Artifact Registry: the new way to keep your App artifacts and Docker Images on GCP

::: Update 11/2020 :::

Artifact Registry is now GA!

:::Update 10/2021:::

Artifact Registry for language packages now generally available

— :: —

Today when you need to store your Docker images on GCP you use the GCR (Google Container Registry). This is pretty handy as you will use a fully integrated service within the GCP ecosystem, that is already easily managed by GCP IAM.

Usually, Doker images are not the only artifacts you need to keep stored though, and it’s quite common the need to use Apps like Jfrog Artifactory or Sonatype Nexus to manage artifacts such as jar files, npm, etc. You can also use GCS to maintain those artifacts as it shows here.

Google has recently launched the Artifact Registry (̵c̵u̵r̵r̵e̵n̵t̵l̵y̵ ̵i̵n̵ ̵B̵e̵t̵a̵)̵ (GA from 11/2020 )that enables you to centrally store artifacts and build dependencies as part of an integrated Google Cloud experience.

AR is the evolution of Container Registry and it will replace GCR when it becomes GA, so will be good to have an idea of its features.

Artifact Registry provides a single location for managing packages and Docker container images. You can:

  • Manage the full artifact lifecycle — Store, manage and secure your artifacts.
  • Integrate into your environment — Use your existing CI/CD tools to upload and download artifacts. Leverage close integration with Cloud Identity and Access Management and Google Cloud products or integrate other tools with Artifact Registry.
  • Create multiple regional repositories within a single Google Cloud project.
  • Control access at the project or repository level.
  • Secure repositories in a VPC Service Controls security perimeter.

Artifact Registry integrates with Cloud Build and other continuous delivery and continuous integration systems to store packages from your builds. You can also store trusted dependencies that you use for builds and deployments.

I will show you how to create the AR for Docker container and Java artifacts below.



Authenticate to Artifact Registry:

gcloud beta auth configure-docker

Step 2:

Docker needs access to Artifact Registry to push and pull images. You can use the standalone Docker credential helper tool, docker-credential-gcr, to configure your Artifact Registry credentials for use with Docker without using requiring gcloud.

OS=linux # or "darwin" for OSX, "windows" for Windows.
ARCH=amd64 # or "386" for 32-bit OSs

curl -fsSL "${VERSION}/docker-credential-gcr_${OS}_${ARCH}-${VERSION}.tar.gz" \
| tar xz --to-stdout ./docker-credential-gcr \
> /usr/bin/docker-credential-gcr && chmod +x /usr/bin/docker-credential-gcr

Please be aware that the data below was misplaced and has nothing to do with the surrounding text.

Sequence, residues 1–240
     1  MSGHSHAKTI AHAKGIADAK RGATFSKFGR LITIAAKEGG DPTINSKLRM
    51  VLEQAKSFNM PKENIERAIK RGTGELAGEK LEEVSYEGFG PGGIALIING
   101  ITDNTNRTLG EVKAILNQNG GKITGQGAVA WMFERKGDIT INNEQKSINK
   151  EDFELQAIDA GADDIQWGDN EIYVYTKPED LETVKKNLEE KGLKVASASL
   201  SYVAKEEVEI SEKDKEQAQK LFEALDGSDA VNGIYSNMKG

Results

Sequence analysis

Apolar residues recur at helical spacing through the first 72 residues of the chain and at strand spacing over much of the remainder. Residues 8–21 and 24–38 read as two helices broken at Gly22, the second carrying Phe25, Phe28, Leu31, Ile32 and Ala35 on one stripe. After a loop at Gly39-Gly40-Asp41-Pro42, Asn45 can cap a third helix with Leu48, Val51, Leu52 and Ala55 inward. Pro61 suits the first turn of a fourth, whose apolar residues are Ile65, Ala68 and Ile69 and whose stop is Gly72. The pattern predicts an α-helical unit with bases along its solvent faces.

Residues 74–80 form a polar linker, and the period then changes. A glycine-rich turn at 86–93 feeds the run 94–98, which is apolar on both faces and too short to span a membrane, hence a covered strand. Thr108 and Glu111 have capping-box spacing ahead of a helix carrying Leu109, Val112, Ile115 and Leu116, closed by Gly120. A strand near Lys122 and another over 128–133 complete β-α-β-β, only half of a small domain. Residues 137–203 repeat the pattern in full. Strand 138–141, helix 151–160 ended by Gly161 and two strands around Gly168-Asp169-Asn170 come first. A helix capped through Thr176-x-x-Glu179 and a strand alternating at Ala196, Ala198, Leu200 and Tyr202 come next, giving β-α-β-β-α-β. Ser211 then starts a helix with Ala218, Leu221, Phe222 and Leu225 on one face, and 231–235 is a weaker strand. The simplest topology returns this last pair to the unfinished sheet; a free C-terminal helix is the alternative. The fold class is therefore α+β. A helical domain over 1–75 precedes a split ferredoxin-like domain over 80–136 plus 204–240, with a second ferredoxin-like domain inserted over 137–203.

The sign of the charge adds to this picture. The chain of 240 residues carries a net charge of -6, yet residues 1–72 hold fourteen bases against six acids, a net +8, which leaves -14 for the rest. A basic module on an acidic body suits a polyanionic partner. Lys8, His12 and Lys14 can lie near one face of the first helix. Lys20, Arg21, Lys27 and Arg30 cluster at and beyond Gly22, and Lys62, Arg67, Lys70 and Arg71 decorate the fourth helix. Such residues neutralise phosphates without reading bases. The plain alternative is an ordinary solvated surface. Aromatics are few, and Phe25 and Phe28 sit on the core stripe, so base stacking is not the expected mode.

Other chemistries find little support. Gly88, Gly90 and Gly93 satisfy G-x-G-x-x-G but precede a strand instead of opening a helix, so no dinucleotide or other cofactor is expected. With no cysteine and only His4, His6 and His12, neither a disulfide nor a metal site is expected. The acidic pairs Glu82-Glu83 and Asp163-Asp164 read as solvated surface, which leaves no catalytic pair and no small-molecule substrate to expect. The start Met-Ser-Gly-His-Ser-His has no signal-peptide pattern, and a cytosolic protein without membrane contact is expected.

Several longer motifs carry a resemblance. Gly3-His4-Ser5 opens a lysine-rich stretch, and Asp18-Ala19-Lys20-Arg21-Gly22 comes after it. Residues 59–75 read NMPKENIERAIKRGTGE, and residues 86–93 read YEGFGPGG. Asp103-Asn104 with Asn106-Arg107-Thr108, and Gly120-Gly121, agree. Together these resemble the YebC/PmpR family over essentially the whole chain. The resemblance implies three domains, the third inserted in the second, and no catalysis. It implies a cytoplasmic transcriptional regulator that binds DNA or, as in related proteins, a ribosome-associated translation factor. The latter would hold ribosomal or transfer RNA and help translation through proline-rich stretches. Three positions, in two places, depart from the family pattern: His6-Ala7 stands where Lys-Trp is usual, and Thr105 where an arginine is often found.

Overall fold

You can find more information about how to install this tool here

Step 3:

Configure Docker to use your Artifact Registry credentials when interacting with Artifact Registry

docker-credential-gcr configure-docker 

Now you should be good to go, with your docker push & docker tag & docker pull commands ;)


The following steps will show you how to create a maven repo and push your artifact. Be aware that the maven is still in ALPHA, and it can be changed anytime.

Step 1:

Grant authorization to Cloud SDK to access Google Cloud

gcloud auth application-default login

Step 2:

Create the maven repository

gcloud beta artifacts repositories create quickstart-maven-repo --repository-format=maven \
--location=us-central1 [--description="Maven repository"]

for a docker container you just need to change --repository-format=docker

You can verify if it was created correctly with

gcloud beta artifacts repositories list

To simplify the gcloud commands you can set the default repo and the location using:

gcloud config set artifacts/repository quickstart-maven-repo


gcloud config set artifacts/location us-central1

Step 3:

Add the config to your pom.xml




You can easily generate this config with the command

gcloud beta artifacts print-settings mvn

Step 4:

Now, you will be able to push the artifacts with mvn deploy and mvn release commands

That’s it!


In this article you see how you can easily integrate and manage your artifacts with the new GCP Artifact-Registry, so you will not need any other external artifact manager tools.

GCP AR will also replace our current GCR in the future, so will be good to keep an eye on it even on this early stage Beta/Alpha.

I hope you enjoy it!

Please let me know your thoughts!





A collection of technical articles and blogs published or curated by Google Cloud Developer Advocates. The views expressed are those of the authors and don't necessarily reflect those of Google.

Recommended from Medium

Should You Host Your Own Knowledge Base?

RxJava in Android Part-1

SearchStax — Solr-as-a-service for Sitecore

Sugui Digest. SE01EP13 — Daydreaming

TwilioQuest is the PC role-playing game that teaches people how to code

Production-ready CICD setup with Azure DevOps, AWS, and Terraform

Revisiting Streaming Solutions: Looking at Upstash as a true Serverless Kafka Solution

Get the Medium app

A button that says 'Download on the App Store', and if clicked it will lead you to the iOS App store
A button that says 'Get it on, Google Play', and if clicked it will lead you to the Google Play store
Felipe Martinez

Felipe Martinez

Brazilian Software Engineer living in London. Java addicted. Clean Code and Software craftsmanship Enthusiast. Cloud.

More from Medium

Best dev tools in GCP: Cloud Trace, Debugger, Logging

Cloud Bigtable: Understanding Bigtables NoSQL 3-dimensional storage model using the Node.js client

Managing GCP Filestore in Production — Backups & Monitoring

Google Cloud: Managed Microsoft Active Directory